I’m not familiar with English judicial terminology, but the judge calling the accused the “prisoner” in his charge to the jury strikes me as prejudicial.

“A man doesn’t like it to see a man go all wobbly about his sister—at least, not such a prolonged wobble.”

Love at first sight. Gushy, saccharin, head-over-heals infatuation?

“A person who can believe all the articles of the Christian faith is not going to boggle over a trifle of adverse evidence.”

Spiritualist of the 1930s would be comfortable in certain circles of today’s society. The more things change ….

“Don’t talk like Jeeves.” “… Sherlocked.” “… as Holmes would say …”

Sayers is conscious of her antecedents and boasts of them.

“The enormous and complicated imbecility of things was all around him like a trap.”

Book Review: Clouds of Witness by Dorothy Sayers (Four Stars)


Book Review: Clouds of Witness (Lord Peter Wimsey #2) by Dorothy Sayers

Four Stars

“Beliefs don’t matter. It’s what you know about people.”

Readers who like 1926 tongue-in-cheek detective stories of manners and fans of Downton Abbey, will find this just their cup of tea. Others, not so much. The reader is assumed to be literate in French, which I’m not. I muddled through.

“Time and trouble will tame an advanced young woman, but an adult old woman is uncontrollable by any earthly force.”

Lord Peter’s brother, the Duke of Denver, is accused of murder. Suddenly Peter’s embarrassing hobby–sleuthing–may save Duke Gerald’s title … and neck.The title gives away the twist: too many witnesses to too much, some of it misleading or simply untrue.

I’ve read this book before. Don’t know where or when. I suspect in ebook format, so it couldn’t have been that long ago.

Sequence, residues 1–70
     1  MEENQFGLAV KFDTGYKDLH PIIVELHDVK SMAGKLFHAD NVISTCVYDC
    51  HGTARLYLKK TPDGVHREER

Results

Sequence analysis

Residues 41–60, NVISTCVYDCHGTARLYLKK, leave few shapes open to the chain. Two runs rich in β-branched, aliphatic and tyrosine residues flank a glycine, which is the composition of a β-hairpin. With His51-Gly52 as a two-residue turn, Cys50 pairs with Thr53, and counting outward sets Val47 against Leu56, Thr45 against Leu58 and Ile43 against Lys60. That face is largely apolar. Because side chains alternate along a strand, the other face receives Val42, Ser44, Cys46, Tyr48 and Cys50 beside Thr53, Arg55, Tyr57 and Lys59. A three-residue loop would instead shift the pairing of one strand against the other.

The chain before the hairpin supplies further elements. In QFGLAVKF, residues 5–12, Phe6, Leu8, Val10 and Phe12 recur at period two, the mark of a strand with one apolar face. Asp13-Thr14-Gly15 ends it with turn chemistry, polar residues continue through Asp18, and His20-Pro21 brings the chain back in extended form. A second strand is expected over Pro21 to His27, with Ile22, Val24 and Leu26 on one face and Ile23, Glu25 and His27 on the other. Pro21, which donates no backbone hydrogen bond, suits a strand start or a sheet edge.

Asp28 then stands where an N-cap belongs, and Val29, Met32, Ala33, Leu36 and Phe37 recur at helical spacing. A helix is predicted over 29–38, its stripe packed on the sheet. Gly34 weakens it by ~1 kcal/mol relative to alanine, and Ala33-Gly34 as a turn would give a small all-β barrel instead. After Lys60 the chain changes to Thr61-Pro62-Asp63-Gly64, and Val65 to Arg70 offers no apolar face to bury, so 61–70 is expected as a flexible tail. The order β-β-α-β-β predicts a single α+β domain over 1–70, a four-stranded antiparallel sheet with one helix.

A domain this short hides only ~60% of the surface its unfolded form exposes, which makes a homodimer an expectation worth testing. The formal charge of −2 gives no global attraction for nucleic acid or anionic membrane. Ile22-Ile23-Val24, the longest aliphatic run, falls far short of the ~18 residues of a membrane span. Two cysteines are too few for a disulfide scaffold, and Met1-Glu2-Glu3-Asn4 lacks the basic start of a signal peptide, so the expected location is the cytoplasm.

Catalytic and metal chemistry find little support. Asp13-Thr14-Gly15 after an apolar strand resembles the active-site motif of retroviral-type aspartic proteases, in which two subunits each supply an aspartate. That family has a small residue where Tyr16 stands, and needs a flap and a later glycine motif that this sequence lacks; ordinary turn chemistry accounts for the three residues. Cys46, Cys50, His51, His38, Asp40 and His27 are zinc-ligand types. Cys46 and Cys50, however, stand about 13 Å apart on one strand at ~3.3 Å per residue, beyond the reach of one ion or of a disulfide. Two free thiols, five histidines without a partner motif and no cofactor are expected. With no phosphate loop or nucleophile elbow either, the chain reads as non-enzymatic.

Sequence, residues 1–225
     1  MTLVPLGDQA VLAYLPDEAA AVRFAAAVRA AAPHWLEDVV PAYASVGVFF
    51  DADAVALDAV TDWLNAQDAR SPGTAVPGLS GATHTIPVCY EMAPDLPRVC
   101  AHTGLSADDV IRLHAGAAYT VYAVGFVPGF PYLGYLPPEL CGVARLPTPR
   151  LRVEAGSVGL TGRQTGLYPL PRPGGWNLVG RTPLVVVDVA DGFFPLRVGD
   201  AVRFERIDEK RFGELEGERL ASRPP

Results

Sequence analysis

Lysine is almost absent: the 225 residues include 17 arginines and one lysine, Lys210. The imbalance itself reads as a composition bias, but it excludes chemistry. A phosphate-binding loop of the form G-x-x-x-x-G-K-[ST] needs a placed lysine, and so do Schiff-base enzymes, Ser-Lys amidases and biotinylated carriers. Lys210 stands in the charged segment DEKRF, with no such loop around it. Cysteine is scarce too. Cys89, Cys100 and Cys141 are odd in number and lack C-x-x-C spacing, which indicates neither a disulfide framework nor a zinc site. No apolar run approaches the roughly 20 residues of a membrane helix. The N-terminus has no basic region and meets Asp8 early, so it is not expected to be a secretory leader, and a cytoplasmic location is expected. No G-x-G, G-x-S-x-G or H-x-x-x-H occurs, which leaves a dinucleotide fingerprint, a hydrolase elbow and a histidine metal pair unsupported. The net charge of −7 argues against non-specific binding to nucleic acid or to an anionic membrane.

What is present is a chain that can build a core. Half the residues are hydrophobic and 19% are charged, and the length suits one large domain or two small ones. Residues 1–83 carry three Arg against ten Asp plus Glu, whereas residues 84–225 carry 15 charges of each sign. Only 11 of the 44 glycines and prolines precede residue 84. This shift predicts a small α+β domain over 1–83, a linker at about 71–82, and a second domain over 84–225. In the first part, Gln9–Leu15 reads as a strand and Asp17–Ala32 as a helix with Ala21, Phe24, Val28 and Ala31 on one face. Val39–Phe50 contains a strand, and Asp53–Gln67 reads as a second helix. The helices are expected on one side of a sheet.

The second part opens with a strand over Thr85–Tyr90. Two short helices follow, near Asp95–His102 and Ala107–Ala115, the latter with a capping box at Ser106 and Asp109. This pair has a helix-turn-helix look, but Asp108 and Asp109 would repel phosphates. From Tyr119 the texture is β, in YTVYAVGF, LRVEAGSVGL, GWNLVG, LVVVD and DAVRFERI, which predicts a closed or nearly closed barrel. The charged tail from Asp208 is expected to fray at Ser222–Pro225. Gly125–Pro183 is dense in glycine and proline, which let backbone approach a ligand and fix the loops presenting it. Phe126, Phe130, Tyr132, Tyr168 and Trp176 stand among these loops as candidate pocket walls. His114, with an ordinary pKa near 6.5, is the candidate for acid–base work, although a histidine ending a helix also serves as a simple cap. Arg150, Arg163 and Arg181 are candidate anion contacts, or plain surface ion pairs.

“Contrast is life.”

Book Review: A Great Deliverance by Elizabeth George (Four Stars)

Book Review: A Great Deliverance (Inspector Lynley #1) by Elizabeth George

Four Stars

“A vestige of time dead, being devoured by time to come.”

Lord Peter Wimsey rides again, sort of. An updated lord-as-sleuth tale with a grittier approach than Dorothy Sayers original from the 1920s. This series, from the 1980s, reflects more modern times, but still the quintessential England of literature and music as much as manors and manners. Not at all a Holmesian tale; much more personal and pyshological. (One hopes the BBC didn’t rape these as they did the Cadfael mysteries.)

“The police were antagonists to be thwarted rather than allies to be helped.”

Deep, complex characters. Everyone has a skeleton, if not a demon, in his or her closet. This book takes the reader deep inside the heads of just about everyone as New Scotland Yard investigates a horrific crime in Yorkshire. (I visited the Yorkshire dales in the late 80s, George’s good descriptions fail to express the bleakness and the beauty. Words fail.) This book is not for the timid or weak stomached. That more than one character vomits is appropriate and realistic. (You’ve been warned.)

“One can’t run forever.” “I can.”

The accents and vocabulary are a bit over-the-top, especially of the Americans, who I’m sure are portrayed just as most British viewed us then. George occasionally slips: “Bob’s your uncle” is not an expression Americans would use.

“The whole situation was an irritating, howling, political maelstrom of thwarted ambition, error and revenge. He was sick of it.”

Americans forget–more likely never knew–that England in the 1980s (when this book was written) was more socially divided that the United States today. Margaret Thatcher’s election set off a cultural war the likes of which we are just now seeing here. English were (I lived in Oxfordshire in the 1980s) much more class conscious. The attitudes expressed by Sergeant Havers were typical of commoners then. English gender attitudes are integral to the plot as well.

“Mothers have a way of taking things a bit personally. Haven’t you noticed?”

The text suffers jarring shifts in point of view, which perhaps were caused or exacerbated by formatting issues. Apparently this edition is an optical scan of the original text; numerous errors have slipped in. (“Shell stand that,” when “She’ll stand that” was obviously meant.) Do all English call speakers amplifiers? As in, “Enormous amplifiers sat in all four corners, creating at the center a vortex of sound.” (I know what council houses, boots and dust bins are; not what Americans think.)

“… before Lot finds me.”

Great writing. Great characterizations. Intense drama and conflict. But also a story of courage and compassion. Quite the climax, and yet plenty gaps are left in our knowledge of Havers and Lynley to engage the reader in his further cases. Looking forward to more.

“Death closes all.”